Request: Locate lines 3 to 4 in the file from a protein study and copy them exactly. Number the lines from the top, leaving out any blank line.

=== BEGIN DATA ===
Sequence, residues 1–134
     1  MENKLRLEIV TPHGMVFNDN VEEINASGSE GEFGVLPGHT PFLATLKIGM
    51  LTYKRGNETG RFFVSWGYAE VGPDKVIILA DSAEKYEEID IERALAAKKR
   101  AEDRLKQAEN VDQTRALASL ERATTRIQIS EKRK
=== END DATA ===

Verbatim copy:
    51  LTYKRGNETG RFFVSWGYAE VGPDKVIILA DSAEKYEEID IERALAAKKR
   101  AEDRLKQAEN VDQTRALASL ERATTRIQIS EKRK